Afghan President Agrees To Run-Off Election

Hamid Karzai has agreed to take part in an election run-off in Afghanistan, triggering a scramble to hold a second round of voting in just over two weeks.

After days of intense international pressure, he finally accepted a report which found hundreds of thousands of his votes were fake and agreed to face his closest rival, Abdullah Abdullah, in a two-man contest on Nov 7.

The international community and Afghan officials now have a fortnight to organise the new ballot as winter approaches and large swathes of the country remain under Taliban control. British troops will again be asked to provide security for voters in Helmand province.

Looking tired after days of intense diplomatic wrangling, Mr Karzai said: “We believe that this decision of the Independent Election Commission is legitimate, legal and constitutional and that it strengthens the path towards democracy.”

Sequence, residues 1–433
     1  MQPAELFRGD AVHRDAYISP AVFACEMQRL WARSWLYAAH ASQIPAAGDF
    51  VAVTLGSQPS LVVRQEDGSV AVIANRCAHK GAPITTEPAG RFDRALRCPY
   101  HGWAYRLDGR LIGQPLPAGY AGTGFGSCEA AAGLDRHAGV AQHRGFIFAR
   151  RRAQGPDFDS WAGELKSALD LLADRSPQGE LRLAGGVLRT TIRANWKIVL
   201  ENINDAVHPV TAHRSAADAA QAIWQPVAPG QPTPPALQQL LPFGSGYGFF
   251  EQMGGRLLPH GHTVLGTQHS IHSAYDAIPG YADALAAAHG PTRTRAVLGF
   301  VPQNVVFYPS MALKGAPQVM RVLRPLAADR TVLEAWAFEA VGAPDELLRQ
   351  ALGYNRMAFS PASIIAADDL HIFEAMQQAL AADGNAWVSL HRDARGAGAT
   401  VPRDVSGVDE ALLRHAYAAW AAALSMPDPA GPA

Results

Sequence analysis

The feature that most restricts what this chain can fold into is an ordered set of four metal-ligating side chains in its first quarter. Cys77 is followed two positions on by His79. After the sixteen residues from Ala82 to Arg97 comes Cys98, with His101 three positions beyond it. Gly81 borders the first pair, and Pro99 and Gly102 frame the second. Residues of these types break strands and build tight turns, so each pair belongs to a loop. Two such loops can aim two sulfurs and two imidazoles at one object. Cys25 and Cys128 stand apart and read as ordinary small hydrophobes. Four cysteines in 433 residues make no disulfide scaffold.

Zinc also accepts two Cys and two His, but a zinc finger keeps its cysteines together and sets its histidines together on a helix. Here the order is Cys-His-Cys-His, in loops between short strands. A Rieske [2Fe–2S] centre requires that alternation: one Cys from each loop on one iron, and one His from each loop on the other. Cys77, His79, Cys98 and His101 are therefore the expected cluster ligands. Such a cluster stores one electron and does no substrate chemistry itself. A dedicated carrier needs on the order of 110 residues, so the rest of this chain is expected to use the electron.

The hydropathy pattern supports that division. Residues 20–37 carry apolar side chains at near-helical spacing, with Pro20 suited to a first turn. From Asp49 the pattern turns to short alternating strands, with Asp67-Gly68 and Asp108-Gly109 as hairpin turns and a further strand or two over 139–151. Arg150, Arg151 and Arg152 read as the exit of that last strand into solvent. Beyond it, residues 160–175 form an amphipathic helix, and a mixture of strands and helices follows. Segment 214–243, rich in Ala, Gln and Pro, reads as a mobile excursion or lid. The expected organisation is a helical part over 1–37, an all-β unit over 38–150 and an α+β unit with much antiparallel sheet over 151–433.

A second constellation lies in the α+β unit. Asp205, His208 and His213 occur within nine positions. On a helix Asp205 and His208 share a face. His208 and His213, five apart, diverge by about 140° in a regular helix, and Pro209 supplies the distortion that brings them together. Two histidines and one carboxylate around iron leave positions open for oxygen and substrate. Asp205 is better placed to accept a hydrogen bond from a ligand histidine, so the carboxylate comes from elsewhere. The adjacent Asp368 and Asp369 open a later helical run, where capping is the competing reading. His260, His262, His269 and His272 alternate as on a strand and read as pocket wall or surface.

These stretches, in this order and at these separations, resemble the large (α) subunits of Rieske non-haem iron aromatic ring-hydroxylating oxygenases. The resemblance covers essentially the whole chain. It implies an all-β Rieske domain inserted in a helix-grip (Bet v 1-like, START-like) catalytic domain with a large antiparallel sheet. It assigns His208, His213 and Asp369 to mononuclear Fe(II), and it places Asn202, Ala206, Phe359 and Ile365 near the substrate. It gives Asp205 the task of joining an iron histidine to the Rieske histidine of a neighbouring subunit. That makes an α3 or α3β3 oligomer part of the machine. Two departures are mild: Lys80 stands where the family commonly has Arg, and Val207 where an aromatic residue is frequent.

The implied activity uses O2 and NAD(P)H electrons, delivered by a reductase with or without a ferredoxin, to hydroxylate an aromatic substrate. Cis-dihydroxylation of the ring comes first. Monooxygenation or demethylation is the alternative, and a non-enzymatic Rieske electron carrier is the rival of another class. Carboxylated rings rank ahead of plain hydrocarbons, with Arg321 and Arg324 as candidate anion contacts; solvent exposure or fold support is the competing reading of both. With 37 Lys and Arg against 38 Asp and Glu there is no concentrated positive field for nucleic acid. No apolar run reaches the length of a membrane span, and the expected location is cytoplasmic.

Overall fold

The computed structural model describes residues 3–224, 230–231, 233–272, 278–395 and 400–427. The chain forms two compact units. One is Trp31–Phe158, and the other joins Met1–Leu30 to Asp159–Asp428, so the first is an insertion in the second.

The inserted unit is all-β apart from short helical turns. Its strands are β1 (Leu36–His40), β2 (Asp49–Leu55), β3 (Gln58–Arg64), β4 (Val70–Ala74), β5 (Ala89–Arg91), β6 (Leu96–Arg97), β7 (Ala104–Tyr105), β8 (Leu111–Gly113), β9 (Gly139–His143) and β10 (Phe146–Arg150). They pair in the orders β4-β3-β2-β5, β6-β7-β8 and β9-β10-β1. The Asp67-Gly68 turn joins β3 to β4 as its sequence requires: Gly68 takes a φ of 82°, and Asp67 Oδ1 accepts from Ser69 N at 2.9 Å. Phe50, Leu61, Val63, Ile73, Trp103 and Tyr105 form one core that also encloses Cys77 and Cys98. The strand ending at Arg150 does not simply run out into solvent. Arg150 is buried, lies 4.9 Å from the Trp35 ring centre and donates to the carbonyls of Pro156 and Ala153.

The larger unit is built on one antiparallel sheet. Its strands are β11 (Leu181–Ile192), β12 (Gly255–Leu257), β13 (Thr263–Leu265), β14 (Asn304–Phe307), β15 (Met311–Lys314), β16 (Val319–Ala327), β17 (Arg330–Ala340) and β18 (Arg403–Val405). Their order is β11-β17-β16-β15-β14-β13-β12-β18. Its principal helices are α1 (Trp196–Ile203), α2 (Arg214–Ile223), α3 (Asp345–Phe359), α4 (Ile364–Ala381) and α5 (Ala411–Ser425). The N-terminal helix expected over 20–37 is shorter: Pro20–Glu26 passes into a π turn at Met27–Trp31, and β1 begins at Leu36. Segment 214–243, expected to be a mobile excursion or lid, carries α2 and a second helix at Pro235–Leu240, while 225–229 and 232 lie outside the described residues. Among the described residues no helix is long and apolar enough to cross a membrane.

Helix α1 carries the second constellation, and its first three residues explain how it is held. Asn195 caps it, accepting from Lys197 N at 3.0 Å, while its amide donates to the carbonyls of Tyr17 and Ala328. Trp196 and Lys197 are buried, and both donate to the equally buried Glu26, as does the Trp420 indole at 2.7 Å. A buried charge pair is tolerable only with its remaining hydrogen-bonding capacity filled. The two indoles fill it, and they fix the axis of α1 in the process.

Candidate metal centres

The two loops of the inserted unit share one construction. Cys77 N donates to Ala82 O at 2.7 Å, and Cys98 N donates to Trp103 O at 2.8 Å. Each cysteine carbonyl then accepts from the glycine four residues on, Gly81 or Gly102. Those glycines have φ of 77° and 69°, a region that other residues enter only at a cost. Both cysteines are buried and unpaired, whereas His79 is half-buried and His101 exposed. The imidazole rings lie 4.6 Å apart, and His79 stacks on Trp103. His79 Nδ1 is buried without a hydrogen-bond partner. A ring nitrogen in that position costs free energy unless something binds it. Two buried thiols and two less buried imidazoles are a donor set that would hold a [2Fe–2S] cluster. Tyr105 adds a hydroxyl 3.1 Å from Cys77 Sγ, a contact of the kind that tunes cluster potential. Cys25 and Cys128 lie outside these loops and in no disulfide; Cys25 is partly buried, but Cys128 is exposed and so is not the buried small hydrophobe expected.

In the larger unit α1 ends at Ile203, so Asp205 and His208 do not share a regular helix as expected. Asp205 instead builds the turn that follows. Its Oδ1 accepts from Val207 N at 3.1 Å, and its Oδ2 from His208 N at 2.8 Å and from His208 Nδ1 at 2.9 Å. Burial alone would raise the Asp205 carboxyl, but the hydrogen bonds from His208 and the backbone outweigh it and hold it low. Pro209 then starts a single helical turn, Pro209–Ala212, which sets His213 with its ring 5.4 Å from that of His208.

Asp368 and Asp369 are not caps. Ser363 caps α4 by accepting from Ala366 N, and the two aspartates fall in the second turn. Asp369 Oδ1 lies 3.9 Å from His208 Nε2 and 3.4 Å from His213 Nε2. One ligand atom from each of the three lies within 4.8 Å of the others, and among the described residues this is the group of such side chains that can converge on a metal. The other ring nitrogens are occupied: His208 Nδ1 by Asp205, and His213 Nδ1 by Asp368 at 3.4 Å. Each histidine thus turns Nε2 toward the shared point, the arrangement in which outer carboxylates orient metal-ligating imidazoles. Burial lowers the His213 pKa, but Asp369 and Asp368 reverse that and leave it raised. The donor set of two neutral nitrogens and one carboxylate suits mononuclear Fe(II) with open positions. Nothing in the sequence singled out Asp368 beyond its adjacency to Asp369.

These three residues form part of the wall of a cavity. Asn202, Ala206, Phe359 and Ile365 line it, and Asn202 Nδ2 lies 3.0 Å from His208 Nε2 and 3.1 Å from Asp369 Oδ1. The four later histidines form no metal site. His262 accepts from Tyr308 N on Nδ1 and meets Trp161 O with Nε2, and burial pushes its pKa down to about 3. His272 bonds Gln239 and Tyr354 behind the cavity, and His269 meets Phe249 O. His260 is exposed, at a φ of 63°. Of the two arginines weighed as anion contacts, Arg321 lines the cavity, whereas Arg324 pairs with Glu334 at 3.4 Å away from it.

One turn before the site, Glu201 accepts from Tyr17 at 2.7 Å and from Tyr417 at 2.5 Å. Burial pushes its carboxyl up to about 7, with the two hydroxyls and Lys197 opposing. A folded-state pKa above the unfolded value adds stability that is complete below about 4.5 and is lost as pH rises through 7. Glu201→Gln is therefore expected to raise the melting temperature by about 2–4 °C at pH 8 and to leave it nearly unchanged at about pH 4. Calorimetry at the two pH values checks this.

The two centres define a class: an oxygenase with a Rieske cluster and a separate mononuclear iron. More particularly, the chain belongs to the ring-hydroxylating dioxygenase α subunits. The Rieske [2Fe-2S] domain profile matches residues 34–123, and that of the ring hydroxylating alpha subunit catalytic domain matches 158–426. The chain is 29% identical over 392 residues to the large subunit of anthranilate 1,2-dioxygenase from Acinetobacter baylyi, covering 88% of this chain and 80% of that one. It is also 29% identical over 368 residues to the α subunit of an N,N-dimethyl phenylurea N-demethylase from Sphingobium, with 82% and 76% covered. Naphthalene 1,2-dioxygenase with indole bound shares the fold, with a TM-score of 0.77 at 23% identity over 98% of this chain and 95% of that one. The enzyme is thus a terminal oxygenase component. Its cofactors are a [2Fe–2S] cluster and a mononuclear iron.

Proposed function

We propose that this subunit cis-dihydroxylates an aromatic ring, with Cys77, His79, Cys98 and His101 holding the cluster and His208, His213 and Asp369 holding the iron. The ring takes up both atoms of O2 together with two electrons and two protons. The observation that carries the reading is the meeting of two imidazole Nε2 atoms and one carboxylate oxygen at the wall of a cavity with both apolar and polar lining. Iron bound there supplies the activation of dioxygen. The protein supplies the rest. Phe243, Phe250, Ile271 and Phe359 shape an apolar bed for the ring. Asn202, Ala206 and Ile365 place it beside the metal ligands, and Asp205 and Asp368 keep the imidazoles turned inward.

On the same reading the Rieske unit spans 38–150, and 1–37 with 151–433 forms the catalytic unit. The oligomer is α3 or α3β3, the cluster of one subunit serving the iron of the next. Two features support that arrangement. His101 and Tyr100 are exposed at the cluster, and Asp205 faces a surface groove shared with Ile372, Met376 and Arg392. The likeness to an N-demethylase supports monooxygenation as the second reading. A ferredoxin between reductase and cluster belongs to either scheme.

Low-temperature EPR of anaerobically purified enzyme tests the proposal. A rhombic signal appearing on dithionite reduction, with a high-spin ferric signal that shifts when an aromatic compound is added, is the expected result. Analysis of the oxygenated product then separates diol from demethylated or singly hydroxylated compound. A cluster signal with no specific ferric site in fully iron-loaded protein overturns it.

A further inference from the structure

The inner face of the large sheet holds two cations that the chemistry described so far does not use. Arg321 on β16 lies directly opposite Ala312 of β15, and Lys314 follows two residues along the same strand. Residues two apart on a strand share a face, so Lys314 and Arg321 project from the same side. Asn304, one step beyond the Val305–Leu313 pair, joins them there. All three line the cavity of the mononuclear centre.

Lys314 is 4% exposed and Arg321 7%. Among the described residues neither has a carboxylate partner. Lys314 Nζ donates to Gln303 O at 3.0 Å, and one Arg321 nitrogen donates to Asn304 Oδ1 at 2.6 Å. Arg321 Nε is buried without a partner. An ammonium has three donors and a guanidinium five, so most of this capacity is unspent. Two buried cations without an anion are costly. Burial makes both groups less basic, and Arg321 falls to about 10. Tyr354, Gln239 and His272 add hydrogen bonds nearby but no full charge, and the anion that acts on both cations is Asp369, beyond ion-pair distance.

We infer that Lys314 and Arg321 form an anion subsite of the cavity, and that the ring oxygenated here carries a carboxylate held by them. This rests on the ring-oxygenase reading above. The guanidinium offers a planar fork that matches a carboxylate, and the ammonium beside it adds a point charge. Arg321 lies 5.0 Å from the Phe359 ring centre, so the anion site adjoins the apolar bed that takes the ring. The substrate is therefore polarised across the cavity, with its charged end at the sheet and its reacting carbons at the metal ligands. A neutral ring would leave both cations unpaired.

Western backers desperately lobbied Mr Karzai to accept the results of the fraud inquiry after he threatened to reject a decision he claimed was a foreign plot to weaken him.

Gordon Brown is understood to have spoken Karzai three times in the last 48 hours and warned him he risked losing international support if he refused to take part in a second round.

The prime minister described Mr Karzai’s decision as “statesmanlike”, while Barack Obama said it was “in the best interests of the Afghan people”.

However, diplomats privately fear the second round will be as riddled with fraud and as violent as the August 20 poll.

In related news, my man Ban learned some lessons from this madness.

The U.N. secretary-general says having learned “valuable and painful” lessons from the widespread fraud that plagued the first round of Afghanistan’s presidential elections, the United Nations would do its best to assist the Afghan people in having a credible and free second round.

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